No, Fr Joseph Ratzinger Did Not Concede To The Eastern Orthodox Notion Of Ecclesial Authority, Part 2

In a popular book entitled The Ratzinger Report: An Exclusive Interview on the State of the Church,  authored by Vittorio Messori, a series of questions posed for then Cardinal Joseph Ratzinger, to which all his answers are scripted in the book. Many consult this text to find what they claim is an admission on the part of Ratzinger that the Eastern Orthodox are the ones who carry the torch of first millennium Christian beliefs. I quote the portion that is often used below.


We have already referred indirectly to the Eastern Orthodox Churches. What are relations like with them? 

‘Contacts with them are only superficially easier; in reality we are faced with grave problems. These Churches have an authentic doctrine, but it is static, petrified as it were. They remain faithful to the tradition of the first Christian millennium, but they reject later developments on the grounds that Catholics decided upon these developments without them. For them, questions of faith can only be decided by a “really ecumenical” council, i.e… one which includes all Christians. Therefore they regard as invalid what Catholics have declared since the split. In practice they are in agreement with much of what has been defined, but they see it as restricted to the Church dependent on Rome and not binding on them’

Here at least, surely, ecclesiology is not such an insuperable problem?

‘Yes and no. True, they share with us the conviction of the necessity of the apostolic succession; they have a genuine episcopate and Eucharist. But they cling to the idea of autocephaly, according to which the Churches, even if they are united in faith, are also independent from one another. They cannot accept that the bishop of Rome, the Pope, is the principle and center of unity in a universal Church understood as a communio'”

When Ratzinger says that the Orthodox have an “authentic doctrine“, and that “they remain faithful to the tradition of the first Christian millennium“, does he intend to mean that the Orthodox are the true bearers of Patristic Christianity; moreover, does he imply thereby that the Roman Catholic communion has abandoned this first millennium patrimony and has innovated brand new doctrines which are departures from the Patristic heritage? After all, he says of Catholic doctrine that they were “later developments“.

Let’s take a step back.

For Ratzinger, these “developments” that took place in the Latin West are not additions to the faith already held in the first millennium. For starters,  according to Ratzinger the very basis for primacy in the early church was quite different than what had evolved in Byzantium law, and it was this difference which mainly contributed to the original schism in ecclesiastical government (See here). Constantinople had wanted to see the political prestige of the Empire as the principal cause to the who and where of ecclesiastical precedence. That would indicate that for him, there is definitely a divergence theologically divergence between East and West right there in the first millennium. Secondly, in 1996, which is 10 years after the publication the first large quote is taken from, the Congregation for the Doctrine of the Faith organized a doctrinal symposium on the Primacy of the Succesor of Peter held in the Vatican. This was in answer to the request of Pope St. John Paul II, who had stated in his famous Ut unum sint that Catholics should “find a way of exercising the primacy which, while in no way renouncing what is essential to its mission, is nonetheless open to a new situation“.(John Paul II, Encyc. Let. Ut unum sint, 25 May 1995, n. 95).  Ratzinger wrote a document while prefect of the Congregation summarizing that Symposium and of interest is a portion wherein he quotes St. John Paul II, and then gives his own thought:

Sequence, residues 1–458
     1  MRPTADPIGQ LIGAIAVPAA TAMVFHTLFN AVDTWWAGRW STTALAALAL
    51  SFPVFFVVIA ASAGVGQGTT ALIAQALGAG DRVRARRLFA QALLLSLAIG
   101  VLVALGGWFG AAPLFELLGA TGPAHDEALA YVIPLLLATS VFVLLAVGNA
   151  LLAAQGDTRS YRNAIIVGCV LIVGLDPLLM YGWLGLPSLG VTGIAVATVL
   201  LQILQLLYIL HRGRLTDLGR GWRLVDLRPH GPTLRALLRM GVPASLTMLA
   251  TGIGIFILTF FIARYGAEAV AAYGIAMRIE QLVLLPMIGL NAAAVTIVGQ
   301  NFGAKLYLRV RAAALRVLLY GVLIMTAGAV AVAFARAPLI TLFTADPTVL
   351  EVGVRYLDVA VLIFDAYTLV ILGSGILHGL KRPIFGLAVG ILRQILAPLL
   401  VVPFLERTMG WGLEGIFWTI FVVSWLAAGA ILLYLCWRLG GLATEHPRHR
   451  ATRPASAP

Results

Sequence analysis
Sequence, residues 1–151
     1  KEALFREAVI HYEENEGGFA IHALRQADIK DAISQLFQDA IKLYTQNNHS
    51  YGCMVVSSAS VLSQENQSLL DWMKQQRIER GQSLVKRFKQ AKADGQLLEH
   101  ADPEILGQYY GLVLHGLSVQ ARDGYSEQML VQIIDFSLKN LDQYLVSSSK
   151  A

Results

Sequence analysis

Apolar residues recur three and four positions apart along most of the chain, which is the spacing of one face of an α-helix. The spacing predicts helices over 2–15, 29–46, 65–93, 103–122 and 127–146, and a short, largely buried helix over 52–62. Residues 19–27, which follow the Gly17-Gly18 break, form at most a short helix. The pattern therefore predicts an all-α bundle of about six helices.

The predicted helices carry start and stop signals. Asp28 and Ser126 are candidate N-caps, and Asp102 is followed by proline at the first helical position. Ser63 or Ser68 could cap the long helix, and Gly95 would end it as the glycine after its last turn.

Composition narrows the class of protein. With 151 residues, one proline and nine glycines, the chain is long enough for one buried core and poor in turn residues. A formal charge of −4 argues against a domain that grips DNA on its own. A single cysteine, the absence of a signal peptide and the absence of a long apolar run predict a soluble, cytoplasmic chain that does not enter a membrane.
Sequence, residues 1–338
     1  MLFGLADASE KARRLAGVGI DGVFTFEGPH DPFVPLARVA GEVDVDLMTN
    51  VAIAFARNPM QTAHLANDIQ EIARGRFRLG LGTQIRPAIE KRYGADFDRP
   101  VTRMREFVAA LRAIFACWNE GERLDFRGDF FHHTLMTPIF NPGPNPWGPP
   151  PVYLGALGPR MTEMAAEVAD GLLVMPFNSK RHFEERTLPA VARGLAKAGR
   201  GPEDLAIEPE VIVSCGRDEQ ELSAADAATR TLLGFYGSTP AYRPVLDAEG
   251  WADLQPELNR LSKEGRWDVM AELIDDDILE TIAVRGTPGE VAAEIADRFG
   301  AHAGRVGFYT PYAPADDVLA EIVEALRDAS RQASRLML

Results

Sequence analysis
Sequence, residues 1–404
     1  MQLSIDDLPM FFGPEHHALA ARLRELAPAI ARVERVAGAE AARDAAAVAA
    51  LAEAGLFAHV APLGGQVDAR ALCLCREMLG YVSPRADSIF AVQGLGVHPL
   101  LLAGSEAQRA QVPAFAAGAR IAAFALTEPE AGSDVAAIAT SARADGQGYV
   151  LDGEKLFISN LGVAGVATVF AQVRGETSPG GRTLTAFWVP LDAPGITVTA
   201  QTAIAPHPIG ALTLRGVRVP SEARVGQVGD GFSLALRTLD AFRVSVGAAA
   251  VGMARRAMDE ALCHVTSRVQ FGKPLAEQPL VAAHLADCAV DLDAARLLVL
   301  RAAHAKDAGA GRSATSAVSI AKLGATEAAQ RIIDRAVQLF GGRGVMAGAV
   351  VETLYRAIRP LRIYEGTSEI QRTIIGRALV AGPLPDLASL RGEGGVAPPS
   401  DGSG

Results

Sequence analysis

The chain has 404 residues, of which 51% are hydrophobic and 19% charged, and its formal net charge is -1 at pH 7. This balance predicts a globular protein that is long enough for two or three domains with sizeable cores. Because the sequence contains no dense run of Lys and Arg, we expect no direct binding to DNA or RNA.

“In his Message to those attending the symposium, the Holy Father [St. JP II] wrote: ‘The Catholic Church is conscious of having preserved, in fidelity to the Apostolic Tradition and the faith of the Fathers, the ministry of the Successor of Peter‘. In the history of the Church, there is a continuity of doctrinal development on the primacy“.

So here we see an explicit statement from. Ratzinger which demonstrates he believed that these developments were actually a way to preserve the Apostolic tradition and faith of the fathers.

Some might read the statements made in the quote from the Ratzinger Report and recall other statements that Ratzinger made in Principles of Catholic Theology (1982) :

““Nor is it possible, on the other hand, for him to regard as the only possible form and, consequently, as binding on all Christians the form this primacy has taken in the nineteenth and twentieth centuries.  The symbolic gestures of Pope Paul VI and, in particular, his kneeling before the representative of the Ecumenical Patriarch were an attempt to express precisely this……..In other words, Rome must not require more from the East with respect to the doctrine of the primacy than had been formulated and was lived in the first millennium.  When the Patriarch Athenagoras designated him as the successor of St. Peter, as the most esteemed among us, as one who presides in charity, this great Church leader was expressing the ecclesial content of the doctrine of the primacy as it was known in the first millennium.  Rome need not ask for more” (page 198-99)

Boom. Right?